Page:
I have seen people writing on social media like 'Mom to 2 Yorkies' (mostly for pet animals). Is that usage grammatically correct?

My question is about 'to'. What is the difference between Mom of 2 Yorkies and Mom to 2 Yorkies? Are both have the same meaning?

  • It's not a sentence. But it's fine in very informal contexts like social media profiles (some style guides will tell you to write "two", and to write in complete sentences, if you're being more formal). Why do you have a problem with it? (Apart from the obvious, a human being a mother of dogs.)
    – Stuart F
    Jul 19, 2022 at 9:45
  • It is grammatically correct. It is metaphorically correct. It is "questionable" whether it is factually correct or it is logically correct !
    – Prem
    Jul 19, 2022 at 10:10
  • I know someone who might be described in an SMS as 'mom to 2 Bengals'. I quite envy her. Jul 19, 2022 at 11:06
  • @StuartF - 'a human being a mother of dogs' - I know plenty of guys who might be described as 'sons of dogs'. I gather that these days we may not use the correct word for a female dog, which considerably irritates my sister who breeds Springer spaniels. She has refused to sell to someone because they got funny with her when she said 'bitch'. Jul 19, 2022 at 11:17
  • [She is a] Mom to 2 Yorkies. It's fine.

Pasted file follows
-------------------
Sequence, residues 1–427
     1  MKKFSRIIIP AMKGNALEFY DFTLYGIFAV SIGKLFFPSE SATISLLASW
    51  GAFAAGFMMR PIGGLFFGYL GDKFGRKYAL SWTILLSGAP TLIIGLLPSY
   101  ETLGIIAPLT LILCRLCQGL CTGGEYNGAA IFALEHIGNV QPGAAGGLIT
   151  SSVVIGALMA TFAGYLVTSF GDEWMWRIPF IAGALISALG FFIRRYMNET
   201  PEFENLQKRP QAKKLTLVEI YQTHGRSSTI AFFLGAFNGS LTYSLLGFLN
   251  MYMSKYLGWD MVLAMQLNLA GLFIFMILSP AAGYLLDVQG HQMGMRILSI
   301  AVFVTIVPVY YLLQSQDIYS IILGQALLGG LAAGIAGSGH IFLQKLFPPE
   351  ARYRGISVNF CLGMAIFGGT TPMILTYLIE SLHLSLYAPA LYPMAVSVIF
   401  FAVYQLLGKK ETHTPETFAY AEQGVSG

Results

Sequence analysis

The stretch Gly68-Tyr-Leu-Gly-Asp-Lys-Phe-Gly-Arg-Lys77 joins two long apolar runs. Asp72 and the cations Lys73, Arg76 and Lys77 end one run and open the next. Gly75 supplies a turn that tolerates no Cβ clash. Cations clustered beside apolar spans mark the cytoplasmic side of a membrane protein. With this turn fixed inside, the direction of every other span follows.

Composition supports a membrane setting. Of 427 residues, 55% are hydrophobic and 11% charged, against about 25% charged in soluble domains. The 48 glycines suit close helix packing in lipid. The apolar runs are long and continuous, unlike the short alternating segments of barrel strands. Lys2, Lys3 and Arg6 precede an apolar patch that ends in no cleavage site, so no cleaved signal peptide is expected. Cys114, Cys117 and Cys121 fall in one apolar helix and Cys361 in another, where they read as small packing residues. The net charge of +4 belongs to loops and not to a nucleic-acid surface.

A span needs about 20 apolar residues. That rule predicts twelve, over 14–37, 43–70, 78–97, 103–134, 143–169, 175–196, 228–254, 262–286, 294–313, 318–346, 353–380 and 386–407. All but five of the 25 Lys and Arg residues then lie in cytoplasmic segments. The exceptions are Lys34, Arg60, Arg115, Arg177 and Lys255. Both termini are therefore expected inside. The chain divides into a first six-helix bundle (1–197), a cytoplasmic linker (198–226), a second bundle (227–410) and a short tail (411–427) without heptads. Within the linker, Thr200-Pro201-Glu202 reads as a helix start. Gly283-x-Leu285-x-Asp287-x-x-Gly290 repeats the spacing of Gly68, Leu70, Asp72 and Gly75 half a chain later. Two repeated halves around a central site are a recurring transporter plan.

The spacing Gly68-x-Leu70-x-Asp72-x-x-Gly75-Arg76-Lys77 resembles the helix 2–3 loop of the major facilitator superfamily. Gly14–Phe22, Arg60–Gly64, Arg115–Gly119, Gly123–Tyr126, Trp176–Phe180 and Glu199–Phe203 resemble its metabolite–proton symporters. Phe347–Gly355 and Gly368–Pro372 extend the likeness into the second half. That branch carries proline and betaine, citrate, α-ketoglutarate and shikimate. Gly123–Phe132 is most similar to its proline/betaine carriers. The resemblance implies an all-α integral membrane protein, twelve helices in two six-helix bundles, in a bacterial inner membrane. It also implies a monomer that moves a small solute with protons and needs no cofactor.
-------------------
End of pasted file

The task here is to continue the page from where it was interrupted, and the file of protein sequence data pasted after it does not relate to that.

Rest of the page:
– Lambie
    Oct 10, 2022 at 15:41

1 Answer 1


In this particular context, being a mother of someone, and being a mother to them can be quite different.

For example, you might say of a step-parent, foster parent or anyone else that has raised you that they are 'like a mother to you'.

That's not to say that step-parents or similar cannot legimitely say that they are a parent 'of' their step-children - you'll find that people make their own rules of language on a case-by-case basis there. But 'Yorkies', as hopefully you know, are dogs. Their 'parent' (or 'pawrent' as I'm hearing more and more) definitely didn't give birth to them, but she can be a mother to them.

  • 1
    'pawrent' - oh dear. Jul 19, 2022 at 11:10
  • 1
    I think, as a BrE speaker, that 'mother to' and 'mother of' can both apply in the case of natural birth, I think the distinction might be that 'to' discusses role, and 'of' is a matter of biology. Lauren Conrad recently opened up about struggles she's faced since becoming a mother to two boys. Daily Mail 4 May 2022. She is discussing the changes in her life following birth of her second child. Jul 19, 2022 at 11:14
  • @MichaelHarvey Yes. You're covering the same ground as me but from a different angle. Of course, wherever there is a step-parent or similar there is always a biological parent. As I said in my answer, a step-parent may decide to say they are both. A biological mother who raises their own children is of course both by default, but then arguably one that does not raise them may not be a mother to them.
    – Astralbee
    Jul 19, 2022 at 12:03
  • Yes, of course you could say 'I was mother to those two boys after my brother's wife left him/died/went crazy'. But 'Marie de Guise was [natural] mother to and regent for Mary Queen of Scots', and there is a book about a nun who was 'mother to the orphans of Hunduras'. Jul 19, 2022 at 12:10
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    @MichaelHarvey Hey, BrEng speakers don't say 'butt'!
    – Astralbee
    Oct 11, 2022 at 11:19

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